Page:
Thursday, May 30, 2013

Carrie and Me

Title:  Carrie and Me:  A Mother-Daughter Love Story
Author:  Carol Burnett
Publication Information:  Simon and Schuster. 2013. 205 pages.

Book Source:  I received this book through the GoodReads First Reads program free of cost in exchange for an honest review. The book arrived as a hardcover edition.

Favorite Quote:  "Seems that our lives are like a patchwork quilt, and we weaver together threads of ideas, loves, losses, dreams, notions, into the fabric that becomes our lives."

Some disclaimers before I start my review ... First, I grew up watching Carol Burnett and have always loved her work. So, I suppose I am predisposed to liking her work. Second, before reading this book, I was not familiar with Carrie Hamilton's story or her struggles. As such, I had no pre-conception of what this story would bring. Third, this book is really two books - one the memoir written by Carol Burnett, and second, the piece Carrie working on when she died. My review is based primarily on the first - the memoir.

Carrie and Me is a heartfelt tribute to and memoir of Carrie Hamilton written by her mother Carol Burnett. Carrie was the oldest of Carol Burnett's three daughters. She was a precocious child who grew up alongside her mother's career. As a troubled teen, she developed a drug addiction. It took several iterations of detox for her to find the road to recovery. She went on to have a successful career and a happy life. Unfortunately, she lost her battle with cancer at the age of 38.

A bulk of this memoir is written as correspondence between mother and daughter or as excerpts from diary entries. As such, it has such a personal tone. It comes across as true and as real. I know that all memoirs are intended to be true and real, but not all of them read that way. This one does. It draws me in and makes me feel like I am there and present. It makes me feel the love and the heartache.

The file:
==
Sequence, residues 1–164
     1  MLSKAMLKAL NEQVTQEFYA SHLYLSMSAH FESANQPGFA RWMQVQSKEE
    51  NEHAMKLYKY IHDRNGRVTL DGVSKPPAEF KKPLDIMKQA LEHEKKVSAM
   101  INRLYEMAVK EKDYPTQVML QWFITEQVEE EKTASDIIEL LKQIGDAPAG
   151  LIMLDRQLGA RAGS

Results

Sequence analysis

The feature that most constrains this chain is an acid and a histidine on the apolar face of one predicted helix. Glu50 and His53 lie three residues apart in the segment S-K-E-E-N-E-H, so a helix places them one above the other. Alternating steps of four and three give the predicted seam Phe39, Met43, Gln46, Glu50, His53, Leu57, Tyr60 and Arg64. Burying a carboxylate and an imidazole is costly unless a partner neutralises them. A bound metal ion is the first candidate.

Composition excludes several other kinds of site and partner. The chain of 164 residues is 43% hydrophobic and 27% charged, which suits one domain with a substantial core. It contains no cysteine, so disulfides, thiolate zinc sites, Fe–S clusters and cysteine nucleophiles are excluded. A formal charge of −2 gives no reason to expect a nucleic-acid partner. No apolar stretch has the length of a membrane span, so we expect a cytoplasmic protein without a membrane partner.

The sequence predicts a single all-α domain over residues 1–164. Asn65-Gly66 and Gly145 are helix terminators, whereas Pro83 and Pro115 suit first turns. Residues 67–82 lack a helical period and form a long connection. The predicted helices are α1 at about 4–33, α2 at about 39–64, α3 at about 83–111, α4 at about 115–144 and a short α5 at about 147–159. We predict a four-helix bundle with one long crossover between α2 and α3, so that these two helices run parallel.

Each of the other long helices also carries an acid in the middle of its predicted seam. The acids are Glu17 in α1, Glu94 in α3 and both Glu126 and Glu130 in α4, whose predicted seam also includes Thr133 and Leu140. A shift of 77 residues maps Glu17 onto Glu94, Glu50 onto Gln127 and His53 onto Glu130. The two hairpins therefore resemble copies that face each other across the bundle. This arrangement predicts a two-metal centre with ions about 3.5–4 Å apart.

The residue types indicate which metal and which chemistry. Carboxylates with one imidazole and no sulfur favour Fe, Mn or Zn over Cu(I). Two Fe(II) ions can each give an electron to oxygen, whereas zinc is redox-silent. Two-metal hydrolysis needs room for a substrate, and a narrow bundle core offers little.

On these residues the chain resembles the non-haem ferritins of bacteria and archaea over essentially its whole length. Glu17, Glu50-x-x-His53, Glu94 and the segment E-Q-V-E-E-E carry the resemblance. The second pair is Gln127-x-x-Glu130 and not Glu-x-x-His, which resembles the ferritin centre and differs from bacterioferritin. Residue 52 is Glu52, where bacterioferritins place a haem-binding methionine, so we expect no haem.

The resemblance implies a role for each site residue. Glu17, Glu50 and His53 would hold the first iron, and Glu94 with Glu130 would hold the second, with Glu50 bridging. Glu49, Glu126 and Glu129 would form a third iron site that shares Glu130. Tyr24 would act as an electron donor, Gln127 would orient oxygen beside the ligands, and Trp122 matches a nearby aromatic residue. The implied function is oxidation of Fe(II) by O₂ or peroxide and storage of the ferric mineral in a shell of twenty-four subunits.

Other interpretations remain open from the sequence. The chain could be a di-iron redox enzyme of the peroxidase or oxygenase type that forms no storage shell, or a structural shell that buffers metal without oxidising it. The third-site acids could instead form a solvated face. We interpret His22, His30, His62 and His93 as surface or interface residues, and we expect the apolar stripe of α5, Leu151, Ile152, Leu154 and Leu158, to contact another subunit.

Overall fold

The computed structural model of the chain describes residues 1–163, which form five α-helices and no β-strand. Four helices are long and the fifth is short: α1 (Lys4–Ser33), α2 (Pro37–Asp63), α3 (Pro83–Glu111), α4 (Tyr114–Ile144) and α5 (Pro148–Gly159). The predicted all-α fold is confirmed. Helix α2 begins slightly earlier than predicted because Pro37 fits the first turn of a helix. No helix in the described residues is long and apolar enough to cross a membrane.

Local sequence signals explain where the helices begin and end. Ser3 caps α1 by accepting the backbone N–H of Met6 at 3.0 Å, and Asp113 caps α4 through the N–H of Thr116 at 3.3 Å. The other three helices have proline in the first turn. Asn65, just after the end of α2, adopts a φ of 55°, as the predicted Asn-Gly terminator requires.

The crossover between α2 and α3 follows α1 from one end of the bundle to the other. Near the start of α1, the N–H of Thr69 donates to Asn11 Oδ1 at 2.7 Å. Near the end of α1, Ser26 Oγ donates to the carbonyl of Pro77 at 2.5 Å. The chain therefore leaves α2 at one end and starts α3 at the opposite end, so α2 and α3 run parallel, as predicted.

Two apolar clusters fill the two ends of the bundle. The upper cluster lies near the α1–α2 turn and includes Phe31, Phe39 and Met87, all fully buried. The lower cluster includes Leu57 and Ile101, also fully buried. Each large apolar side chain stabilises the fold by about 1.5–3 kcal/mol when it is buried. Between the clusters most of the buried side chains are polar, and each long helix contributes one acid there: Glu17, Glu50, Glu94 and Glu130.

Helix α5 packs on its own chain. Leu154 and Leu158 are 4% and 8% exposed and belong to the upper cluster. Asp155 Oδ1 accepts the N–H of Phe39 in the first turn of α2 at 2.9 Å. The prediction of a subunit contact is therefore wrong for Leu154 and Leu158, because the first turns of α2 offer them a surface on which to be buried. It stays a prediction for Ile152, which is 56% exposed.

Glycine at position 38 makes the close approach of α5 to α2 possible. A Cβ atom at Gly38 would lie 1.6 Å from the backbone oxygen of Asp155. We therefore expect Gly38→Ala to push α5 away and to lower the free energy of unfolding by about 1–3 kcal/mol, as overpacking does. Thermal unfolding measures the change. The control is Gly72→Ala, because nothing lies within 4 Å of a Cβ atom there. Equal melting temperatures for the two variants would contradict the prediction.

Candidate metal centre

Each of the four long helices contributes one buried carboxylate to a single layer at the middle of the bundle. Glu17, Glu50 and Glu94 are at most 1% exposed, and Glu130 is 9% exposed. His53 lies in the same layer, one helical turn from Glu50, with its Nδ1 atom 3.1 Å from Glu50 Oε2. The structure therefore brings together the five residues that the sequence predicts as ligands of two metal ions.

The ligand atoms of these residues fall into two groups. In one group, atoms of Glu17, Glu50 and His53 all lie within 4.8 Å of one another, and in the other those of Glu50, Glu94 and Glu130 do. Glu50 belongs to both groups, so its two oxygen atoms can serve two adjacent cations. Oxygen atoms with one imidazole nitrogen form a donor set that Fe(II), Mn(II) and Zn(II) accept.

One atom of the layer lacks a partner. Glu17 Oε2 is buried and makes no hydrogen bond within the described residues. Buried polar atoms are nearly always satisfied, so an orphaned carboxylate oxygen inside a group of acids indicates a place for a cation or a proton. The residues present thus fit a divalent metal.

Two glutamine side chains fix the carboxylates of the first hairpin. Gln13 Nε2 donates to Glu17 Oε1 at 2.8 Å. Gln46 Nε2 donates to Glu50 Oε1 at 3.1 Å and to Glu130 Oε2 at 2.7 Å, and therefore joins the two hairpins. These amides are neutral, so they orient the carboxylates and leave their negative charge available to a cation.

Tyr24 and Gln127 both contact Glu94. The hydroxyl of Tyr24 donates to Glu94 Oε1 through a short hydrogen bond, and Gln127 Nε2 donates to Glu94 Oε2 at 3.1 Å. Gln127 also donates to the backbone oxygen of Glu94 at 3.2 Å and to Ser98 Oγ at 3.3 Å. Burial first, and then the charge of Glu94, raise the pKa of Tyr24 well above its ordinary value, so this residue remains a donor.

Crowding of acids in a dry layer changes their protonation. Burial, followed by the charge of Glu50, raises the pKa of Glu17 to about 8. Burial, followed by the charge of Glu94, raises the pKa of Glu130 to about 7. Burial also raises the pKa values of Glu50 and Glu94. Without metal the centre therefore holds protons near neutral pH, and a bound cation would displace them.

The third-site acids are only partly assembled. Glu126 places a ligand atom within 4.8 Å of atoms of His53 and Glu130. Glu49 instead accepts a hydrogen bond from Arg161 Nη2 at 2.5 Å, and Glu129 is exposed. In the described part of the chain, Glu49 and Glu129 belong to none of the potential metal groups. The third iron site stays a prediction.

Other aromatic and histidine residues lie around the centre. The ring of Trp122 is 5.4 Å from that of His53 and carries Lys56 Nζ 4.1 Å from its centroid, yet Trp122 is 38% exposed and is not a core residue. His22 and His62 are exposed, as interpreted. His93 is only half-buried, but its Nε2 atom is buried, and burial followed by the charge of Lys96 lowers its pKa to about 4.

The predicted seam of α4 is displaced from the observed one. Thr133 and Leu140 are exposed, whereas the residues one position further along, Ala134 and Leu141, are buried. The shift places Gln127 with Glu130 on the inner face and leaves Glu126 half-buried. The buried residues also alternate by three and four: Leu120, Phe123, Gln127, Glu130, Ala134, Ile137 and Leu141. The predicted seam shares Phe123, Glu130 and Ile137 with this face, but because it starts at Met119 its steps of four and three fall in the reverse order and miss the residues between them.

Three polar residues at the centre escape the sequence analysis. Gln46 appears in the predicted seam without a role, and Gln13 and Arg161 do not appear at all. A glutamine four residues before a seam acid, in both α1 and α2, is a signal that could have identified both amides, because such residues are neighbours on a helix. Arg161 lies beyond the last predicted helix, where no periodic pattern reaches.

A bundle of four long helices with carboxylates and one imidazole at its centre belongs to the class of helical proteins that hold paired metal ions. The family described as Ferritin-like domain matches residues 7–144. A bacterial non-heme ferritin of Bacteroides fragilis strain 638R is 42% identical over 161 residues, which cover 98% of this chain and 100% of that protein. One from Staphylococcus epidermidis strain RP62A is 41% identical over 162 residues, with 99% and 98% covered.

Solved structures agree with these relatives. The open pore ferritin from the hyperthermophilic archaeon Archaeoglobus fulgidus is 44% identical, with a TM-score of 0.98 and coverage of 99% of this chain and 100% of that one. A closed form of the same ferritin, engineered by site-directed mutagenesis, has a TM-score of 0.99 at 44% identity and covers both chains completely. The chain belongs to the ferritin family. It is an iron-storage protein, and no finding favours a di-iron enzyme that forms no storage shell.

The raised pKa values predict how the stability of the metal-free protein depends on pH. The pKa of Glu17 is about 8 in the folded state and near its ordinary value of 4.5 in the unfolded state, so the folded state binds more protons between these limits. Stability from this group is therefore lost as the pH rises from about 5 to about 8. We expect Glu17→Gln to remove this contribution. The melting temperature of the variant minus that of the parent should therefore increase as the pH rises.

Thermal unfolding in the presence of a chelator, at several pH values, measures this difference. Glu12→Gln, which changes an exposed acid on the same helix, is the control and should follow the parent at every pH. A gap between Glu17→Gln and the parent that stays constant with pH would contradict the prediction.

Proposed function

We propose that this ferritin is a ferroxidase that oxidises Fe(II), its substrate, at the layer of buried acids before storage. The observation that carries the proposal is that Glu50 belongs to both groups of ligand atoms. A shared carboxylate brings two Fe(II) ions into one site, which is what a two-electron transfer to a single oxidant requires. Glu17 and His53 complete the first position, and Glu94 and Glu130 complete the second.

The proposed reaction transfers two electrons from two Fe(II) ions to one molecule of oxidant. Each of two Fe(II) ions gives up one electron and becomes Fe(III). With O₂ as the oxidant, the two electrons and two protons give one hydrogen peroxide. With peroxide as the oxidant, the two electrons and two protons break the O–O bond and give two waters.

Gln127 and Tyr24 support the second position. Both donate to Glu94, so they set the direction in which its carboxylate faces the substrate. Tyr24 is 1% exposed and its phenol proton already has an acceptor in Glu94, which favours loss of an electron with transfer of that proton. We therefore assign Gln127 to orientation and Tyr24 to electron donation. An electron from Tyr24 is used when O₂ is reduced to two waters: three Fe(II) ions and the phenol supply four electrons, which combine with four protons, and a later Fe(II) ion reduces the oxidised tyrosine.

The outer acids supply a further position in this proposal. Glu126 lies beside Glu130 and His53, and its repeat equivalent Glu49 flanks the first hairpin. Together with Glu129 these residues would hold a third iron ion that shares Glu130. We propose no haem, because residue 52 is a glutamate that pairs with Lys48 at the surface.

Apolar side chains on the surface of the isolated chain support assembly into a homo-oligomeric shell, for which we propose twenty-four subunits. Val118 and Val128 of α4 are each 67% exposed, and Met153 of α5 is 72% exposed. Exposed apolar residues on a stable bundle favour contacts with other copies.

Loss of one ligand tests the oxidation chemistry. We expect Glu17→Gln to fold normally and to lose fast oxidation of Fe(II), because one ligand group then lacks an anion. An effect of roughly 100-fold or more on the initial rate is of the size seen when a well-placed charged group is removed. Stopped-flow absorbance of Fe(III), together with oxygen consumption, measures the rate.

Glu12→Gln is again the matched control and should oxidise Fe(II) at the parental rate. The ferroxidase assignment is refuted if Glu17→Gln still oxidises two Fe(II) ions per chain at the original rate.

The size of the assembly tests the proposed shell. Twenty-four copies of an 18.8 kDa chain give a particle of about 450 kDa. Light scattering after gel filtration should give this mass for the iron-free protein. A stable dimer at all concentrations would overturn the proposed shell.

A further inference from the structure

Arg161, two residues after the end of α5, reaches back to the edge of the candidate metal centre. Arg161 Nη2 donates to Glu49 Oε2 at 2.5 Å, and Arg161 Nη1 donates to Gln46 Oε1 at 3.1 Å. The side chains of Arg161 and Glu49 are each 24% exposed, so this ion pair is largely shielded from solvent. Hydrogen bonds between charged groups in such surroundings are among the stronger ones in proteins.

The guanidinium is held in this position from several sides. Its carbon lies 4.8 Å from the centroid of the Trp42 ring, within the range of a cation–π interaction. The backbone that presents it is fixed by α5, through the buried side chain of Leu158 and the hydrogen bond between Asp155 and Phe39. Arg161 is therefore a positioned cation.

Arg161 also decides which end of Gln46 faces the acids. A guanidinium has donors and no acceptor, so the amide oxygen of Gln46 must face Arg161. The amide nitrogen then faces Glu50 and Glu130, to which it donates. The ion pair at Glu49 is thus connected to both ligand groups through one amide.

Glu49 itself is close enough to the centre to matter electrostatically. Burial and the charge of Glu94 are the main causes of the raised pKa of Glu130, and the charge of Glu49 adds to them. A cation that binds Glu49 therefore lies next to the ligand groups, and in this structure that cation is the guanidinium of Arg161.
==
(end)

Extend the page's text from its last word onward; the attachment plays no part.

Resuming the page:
I am so very sorry for the sorrow in their lives, but I am so glad of the courage to share it with the world throughout - by going public with a drug addiction when such things were kept so private and by this book.

Sunday, May 26, 2013

The Middlesteins

Title:  The Middlesteins
Author:  Jami Attenberg
Publication Information:  Simon & Schuster. 2013. 294 pages.

Book Source:  I read this book as this month's selection for my local book club.

Favorite Quote:  "Food was made of love, and love was made of food."

The Middlesteins takes on the tough issues of obesity. The obese person - who they are, how they got to this point, why they got to this point, and to what extent their obesity defines them. It also looks at the the responsibility of those around them, the effect on those around them, and the societal stigma of obesity.

It does all of this through the story of one family. Edie Middlestein is a lawyer, a mother, a grandmother, a wife, and also an obese person. She suffers from numerous health issues because of her extreme obesity. Richard Middlestein is her husband, who walks away and abandons her. Robin and Benny are Edie's children, who attempt to cope with their mother's illness and their father desertion. Rachelle, Benny's wife, tries to help in her own way. Emily and Josh are Benny's children.

The book tells the story from these different perspectives enabling the reader to see the impact Edie's life has on those around her and correspondingly the impact they have on her. Unfortunately, the book does not really develop the characters. Each one represents one reaction consistently throughout the book rather than the complex family relationships - interesting even when dysfunctional as they clearly are in this family.

The story almost becomes a caricature. Edie is the fat girl. Rachelle becomes single-mindedly focused on keeping her family healthy. Robin is the angry young woman. Richard is the self-centered husband chasing something that may or may not exist. Emily and Josh are young teens wanting to fit in.